Bempton Cliffs.

Bempton Cliffs.

Thursday, 22 March 2012

** Dungeness, And Scotney Pit.**

I was in 2 minds as to where to go today, it was either Stodmarsh, or Dungeness, and after reading Phil's blog I should have picked the former not the latter. When we left home the temperature was 14.5c so I was expecting a lovely day. By the time we arrived the temperature had dropped to 12c but still warmish.
I wanted to have a look at the trapping area, so that is where we went first. I know that the best time to go there is early morning or evening, but I still thought I would give it a go.
I was hoping for a Black Redstart but it wasn't to be, the only species seen was: Pied Wagtail, H/Sparrow, Meadow Pipit,
Starling, and the usual Gulls.
From here it was off to Dungeness RSPB Reserve.  Before entering the reserve we stopped off on the road, to scan the shallows and islands at the top of the ARC Pit, from here there was 11 Teal, 2 Oystercatchers, 2 Ringed Plover, and 1 Curlew. We moved on because I was going to watch the ARC Pit from the Hanson Hide later.
After entering the gates I could hear Tree Sparrows, but I decided to stop and see them on the way out.
After having a chat with Christine, and Mary in the centre we was told that the Long tailed Duck was on Burrows Pit, soafter having a scan around I saw it over the far back. I did however get a much better view of a Knot that was just out in front on one of the islands. We was surprise to see that the water level is high, and not low as I would have expected. Apart from those 2 birds there was nothing different out there, just the norm. Over on the feeder was  Chaffinch  Reed Bunting, Great Tit, Blue Tit, Greenfinch.
By now we was getting peckish so we went around to Denge Marsh Hide with the prospect of seeing the male Garganey that is present. After lunch I set off to look for it, which had been seen from the gate to the far end of the track up past the hide, by now the temperature had taken a dive to 10c, it was now fleece and light weight top coat time.
When I got there 3 other birders was already looking for it, but they told me that there was no sign of it. We all stayed there a while longer, but nothing, it could have been close in to the reeds. It seems as if the one at Stodmarsh was easier to see, or should I say a pair.
Many of the usual species was showing, but the highlight was more Great Crested Grebes displaying, which is most places at the moment.
There was 37 Wigeon along with:Gadwall, Mallard, Teal, Shelduck, Shoveler, Pochard, Tufted Duck, Dabchick(3), Greylag Geese, Canada Geese, Marsh Harrier, Mute Swan, Cormorant.
Over the back in the fields was a mixture of C/Crows, Jackdaws, and a few Rooks, W/Pigeon.
On the way out there was a few more species seen to add to the days list; Grey Heron, C/Dove, Magpie,
We stopped at the gate to look for the Tree Sparrows, and it didn't take long to see them. Even though one of the feeders was empty they was still hanging around the area, I counted about 11.
We then went to the Hanson Hide. When I got in there a photographer was sitting in the corner, and he said  to me" I wouldn't open the flaps it I was you, it is blowing a gale and cold with it".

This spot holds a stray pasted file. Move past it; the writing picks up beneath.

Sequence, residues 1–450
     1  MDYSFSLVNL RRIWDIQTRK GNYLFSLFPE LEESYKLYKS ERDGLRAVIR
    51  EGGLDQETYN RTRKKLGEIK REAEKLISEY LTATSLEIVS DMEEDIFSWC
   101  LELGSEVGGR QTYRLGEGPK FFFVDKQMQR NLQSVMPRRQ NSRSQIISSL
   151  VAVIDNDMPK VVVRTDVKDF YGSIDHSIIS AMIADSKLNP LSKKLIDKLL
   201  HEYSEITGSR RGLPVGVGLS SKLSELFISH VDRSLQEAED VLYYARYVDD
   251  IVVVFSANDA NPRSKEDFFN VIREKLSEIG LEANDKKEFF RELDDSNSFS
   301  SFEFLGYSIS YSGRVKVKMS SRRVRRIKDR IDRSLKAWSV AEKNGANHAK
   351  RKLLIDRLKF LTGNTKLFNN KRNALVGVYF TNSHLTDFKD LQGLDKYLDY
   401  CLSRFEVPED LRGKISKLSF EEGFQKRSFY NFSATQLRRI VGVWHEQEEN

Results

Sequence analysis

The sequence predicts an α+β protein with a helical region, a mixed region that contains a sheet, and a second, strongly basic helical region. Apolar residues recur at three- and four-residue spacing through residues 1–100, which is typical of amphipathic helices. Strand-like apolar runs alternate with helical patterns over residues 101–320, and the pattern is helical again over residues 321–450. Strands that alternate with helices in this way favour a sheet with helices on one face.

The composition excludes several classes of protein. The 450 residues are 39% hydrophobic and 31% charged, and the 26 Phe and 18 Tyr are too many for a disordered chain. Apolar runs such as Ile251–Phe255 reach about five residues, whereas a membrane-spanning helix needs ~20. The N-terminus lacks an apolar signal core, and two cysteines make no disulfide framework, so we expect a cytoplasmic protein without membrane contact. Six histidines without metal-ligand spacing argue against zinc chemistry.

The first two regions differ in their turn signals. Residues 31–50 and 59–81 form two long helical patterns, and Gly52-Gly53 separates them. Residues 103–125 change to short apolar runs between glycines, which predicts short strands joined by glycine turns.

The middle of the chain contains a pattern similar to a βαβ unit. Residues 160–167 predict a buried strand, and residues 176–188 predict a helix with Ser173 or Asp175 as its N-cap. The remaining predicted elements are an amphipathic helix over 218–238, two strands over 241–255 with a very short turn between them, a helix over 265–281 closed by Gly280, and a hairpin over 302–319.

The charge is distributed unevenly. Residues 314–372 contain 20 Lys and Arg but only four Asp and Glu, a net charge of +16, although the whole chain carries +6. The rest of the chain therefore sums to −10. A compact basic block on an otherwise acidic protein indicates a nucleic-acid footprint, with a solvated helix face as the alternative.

Was I glad I had extra layers on, It was still very cold ,but with the wind chill factor it was bitter. Before he went he did say he heard that there was, or had been a few  Snow Geese at Scotney Pits so I thought I would pop round there when we leave.
As on Burrows Pit the water level is really high, at least 3 of the islands out in front was underwater. On the larger island was 3 Ringed Plover, 4 Oystercatcher, and 2 Lapwing.
Much of the wild fowl was as before, what you would expect, apart from 3 male Goldeneye, and 5 female Goldeneye.
Along with the Cormorants nesting on their usual island was a mixture of Gulls, L/B/B, Herring,  and Common.
A female Marsh Harrier made a few low fly by's putting all the birds up. There was also a small group of G/B/B/Gulls heading towards the power station.  It was now time to leave.
Once at Scotney Pits I didn't have to wait long to see the Snow Geese, there was 7 out in front grazing. There was also a large number of Gulls here. The island in the centre was covered with them, from G/B/B's to B/H Gulls.
The wind was still blowing as it was at ARC Pit, and cold with it too. The temperature in the car was still reading 10c.
After seeing the Geese we left for home, in fact if it wasn't for them I would have gone home earlier due to the drop  in temperature, but it didn't take long to warm up, by the time we reached the M20 the temperature was back up to 13c.
It may have  been a day of a warm arrival to very cold leaving, but I still enjoyed it, as usual.

4 comments:

  1. Bad luck with the Garganey Ken. Still a good day though, albeit chilly.
    It was relatively warm at Stodmarsh!!

    ReplyDelete
  2. It did sound chilly there Ken. We went out in glorious sunshine yesterday, only travelled a couple of miles and never saw the sun again! It still sounded like you had an enjoyable visit though. A shame you missed out on the Garganey, I have only seen one once.

    Well done with the Chiffchaff and Brimstone on the previous post. I'm still waiting for the first of the year here.

    ReplyDelete
  3. I could feel that cold wind blasting of the water from here Ken!! Still a great place though no matter what the weather :-)

    ReplyDelete
  4. Ken ,
    So it was 'Artic Dunge' then . Still got some good birds . I've been reading about those Snow Geese , up to nearly 40 , doing their 'tour of Britain' . No one seems to know exactly where they came from .
    Glad you still enjoyed your day out .
    Re. Old Lodge Reserve , I think you would find it quite challenging , as it is mainly on a slope , with a couple of steeper bits .

    ReplyDelete